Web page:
The John D. and Catherine T. MacArthur Foundation announced today the winners of its annual award for “creative and effective institutions,” a counterpart to the fund’s “genius” prize for individuals.
Fifteen nonprofits received grants ranging from $350,000 to $2.5-million.
The winners—nine from the United States and six from other countries—included organizations dedicated to analyzing Russian politics, pursuing investigative journalism, and supporting laws worldwide that enable civil-society groups to thrive.
As with the “genius” awards, the foundation does not seek or accept nominations. To qualify, groups must have received a previous grant from MacArthur.
Recipients must spend the money on ensuring their long-term success.
The Center for Responsible Lending will use its $2-million award to build an endowment and tackle new areas of consumer finance such as student loans. The Durham, N.C., nonprofit has been a crusader in the fight against predatory lending, helping to advance passage two years ago of a bill that expanded regulation of the financial system.
A Ugandan environmental charity, the Albertine Rift Conservation Society, will use its $350,000 prize to build an environmental training and information center that will serve Central and Eastern Africa.
The Moth—the nonprofit storytelling program that shared Malcolm Gladwell’s tale of a wedding toast gone bad and Ishmael Beah’s recounting of his time as a child soldier in Sierra Leone—will spend its $750,000 prize to expand its radio show and create an archive to share older content.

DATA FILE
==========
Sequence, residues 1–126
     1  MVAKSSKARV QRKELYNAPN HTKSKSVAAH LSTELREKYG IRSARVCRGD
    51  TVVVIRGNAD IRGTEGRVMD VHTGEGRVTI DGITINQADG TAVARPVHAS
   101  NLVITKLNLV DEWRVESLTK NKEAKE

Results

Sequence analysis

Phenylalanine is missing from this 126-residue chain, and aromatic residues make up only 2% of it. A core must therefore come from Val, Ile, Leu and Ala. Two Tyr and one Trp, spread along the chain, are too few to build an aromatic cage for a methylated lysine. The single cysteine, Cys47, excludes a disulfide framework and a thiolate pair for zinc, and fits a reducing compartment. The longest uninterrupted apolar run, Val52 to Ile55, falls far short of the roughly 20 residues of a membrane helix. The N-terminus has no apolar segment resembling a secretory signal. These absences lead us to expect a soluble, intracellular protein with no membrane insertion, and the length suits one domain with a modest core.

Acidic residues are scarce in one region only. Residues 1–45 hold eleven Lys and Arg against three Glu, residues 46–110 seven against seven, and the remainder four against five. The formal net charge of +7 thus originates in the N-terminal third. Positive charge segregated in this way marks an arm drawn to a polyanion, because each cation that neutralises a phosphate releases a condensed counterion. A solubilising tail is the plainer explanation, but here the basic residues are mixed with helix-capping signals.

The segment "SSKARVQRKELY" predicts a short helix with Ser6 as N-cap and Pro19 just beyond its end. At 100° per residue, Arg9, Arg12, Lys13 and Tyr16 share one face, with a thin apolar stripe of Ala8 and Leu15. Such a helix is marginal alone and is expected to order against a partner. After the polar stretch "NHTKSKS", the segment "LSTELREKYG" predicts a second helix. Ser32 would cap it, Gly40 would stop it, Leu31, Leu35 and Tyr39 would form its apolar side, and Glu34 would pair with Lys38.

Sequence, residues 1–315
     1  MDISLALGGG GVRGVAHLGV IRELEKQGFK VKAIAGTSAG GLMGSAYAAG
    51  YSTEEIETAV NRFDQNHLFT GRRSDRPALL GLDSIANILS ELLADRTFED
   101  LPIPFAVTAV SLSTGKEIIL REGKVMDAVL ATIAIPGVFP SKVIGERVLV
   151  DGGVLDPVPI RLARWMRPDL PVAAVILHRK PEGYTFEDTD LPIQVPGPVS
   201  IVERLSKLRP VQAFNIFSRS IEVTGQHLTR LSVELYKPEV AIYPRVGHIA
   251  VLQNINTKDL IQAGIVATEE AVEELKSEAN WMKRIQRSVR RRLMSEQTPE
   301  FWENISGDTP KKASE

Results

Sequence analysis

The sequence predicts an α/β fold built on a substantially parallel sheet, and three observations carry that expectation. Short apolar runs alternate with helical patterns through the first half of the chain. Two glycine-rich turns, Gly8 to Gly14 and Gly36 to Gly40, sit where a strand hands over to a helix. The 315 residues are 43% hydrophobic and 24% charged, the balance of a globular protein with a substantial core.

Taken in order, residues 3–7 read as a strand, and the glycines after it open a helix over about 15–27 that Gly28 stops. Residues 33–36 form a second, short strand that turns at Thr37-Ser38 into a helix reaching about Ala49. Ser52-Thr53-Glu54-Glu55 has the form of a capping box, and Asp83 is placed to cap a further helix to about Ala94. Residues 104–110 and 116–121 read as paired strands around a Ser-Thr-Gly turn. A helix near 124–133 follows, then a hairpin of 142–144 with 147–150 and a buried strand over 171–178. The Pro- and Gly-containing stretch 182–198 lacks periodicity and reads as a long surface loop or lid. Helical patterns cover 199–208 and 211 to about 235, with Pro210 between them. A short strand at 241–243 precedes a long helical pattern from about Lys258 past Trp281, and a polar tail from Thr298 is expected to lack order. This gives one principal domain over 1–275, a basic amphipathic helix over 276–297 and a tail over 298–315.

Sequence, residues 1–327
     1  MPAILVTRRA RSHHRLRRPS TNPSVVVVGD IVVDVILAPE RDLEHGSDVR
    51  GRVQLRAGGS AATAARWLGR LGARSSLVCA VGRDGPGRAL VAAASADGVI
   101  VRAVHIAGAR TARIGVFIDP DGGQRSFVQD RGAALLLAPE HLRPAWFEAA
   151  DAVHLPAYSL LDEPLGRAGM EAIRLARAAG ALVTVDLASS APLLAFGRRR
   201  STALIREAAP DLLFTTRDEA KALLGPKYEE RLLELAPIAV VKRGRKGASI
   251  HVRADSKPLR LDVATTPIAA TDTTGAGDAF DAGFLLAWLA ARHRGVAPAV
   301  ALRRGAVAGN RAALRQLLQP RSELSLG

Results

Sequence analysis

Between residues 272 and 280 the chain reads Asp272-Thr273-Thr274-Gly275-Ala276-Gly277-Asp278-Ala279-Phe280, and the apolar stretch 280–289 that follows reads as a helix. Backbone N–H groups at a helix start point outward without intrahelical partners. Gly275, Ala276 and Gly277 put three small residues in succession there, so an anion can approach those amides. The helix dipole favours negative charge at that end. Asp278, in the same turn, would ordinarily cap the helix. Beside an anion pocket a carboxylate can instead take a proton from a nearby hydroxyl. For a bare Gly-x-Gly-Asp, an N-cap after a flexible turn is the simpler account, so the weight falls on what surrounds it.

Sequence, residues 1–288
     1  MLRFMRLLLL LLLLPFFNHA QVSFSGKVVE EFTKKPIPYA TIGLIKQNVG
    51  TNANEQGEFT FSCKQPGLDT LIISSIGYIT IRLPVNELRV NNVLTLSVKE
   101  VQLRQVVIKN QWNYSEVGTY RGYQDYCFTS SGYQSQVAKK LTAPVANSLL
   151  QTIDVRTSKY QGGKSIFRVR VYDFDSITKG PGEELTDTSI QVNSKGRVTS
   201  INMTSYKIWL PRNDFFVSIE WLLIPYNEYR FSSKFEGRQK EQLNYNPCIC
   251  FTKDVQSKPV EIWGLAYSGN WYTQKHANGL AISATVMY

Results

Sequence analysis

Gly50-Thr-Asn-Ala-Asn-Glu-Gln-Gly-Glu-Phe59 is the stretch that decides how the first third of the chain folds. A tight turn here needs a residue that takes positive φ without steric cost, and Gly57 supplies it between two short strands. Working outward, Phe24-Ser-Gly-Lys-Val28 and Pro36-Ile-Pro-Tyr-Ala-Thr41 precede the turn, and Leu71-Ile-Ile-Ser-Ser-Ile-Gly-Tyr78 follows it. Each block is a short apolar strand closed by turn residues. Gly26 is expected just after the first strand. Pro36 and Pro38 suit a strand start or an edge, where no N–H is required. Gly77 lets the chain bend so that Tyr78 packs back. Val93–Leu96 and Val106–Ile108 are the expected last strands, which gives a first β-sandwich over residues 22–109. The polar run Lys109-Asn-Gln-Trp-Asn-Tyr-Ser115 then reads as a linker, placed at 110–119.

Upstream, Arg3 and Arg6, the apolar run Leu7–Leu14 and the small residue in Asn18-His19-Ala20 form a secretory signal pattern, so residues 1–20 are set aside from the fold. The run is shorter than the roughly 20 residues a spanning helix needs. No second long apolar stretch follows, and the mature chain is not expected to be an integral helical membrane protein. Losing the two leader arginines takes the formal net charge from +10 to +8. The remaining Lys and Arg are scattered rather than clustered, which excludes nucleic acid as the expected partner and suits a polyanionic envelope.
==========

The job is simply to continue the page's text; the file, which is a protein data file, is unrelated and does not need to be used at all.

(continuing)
Other winners of the MacArthur prize are:
- Business and Professional People for the Public Interest, a Chicago organization that fights poverty
- Carnegie Moscow Center, a think tank that studies Russia
- Center for Investigative Reporting, a nonprofit that produces investigative journalism
- Community Investment Corporation, which assists developers of rental houses in Chicago’s low- and middle-income neighborhoods
- Conservation Strategy Fund, which trains environmental activists in economics and policy analysis
- Crisis Action, an organization with headquarters in London that promotes peace and human rights
- Furman Center for Real Estate and Urban Policy at New York University, which seeks to improve public policy on housing and economic development
- Girls’ Power Initiative, a Nigerian organization that empowers and educates girls about their reproductive health
- International Center for Not-for-Profit Law, which monitors and seeks to improve the legal environment for nonprofits worldwide
- Moscow Helsinki Group, Russia’s oldest human-rights advocacy group
- National Juvenile Defender Center, a group dedicated to protecting children’s rights
- Red Nacional de Derechos Humanos “Todos los Derechos para Todos” (Red TDT) (National Human Rights Network “All Rights for All”), which monitors human-rights violations in Mexico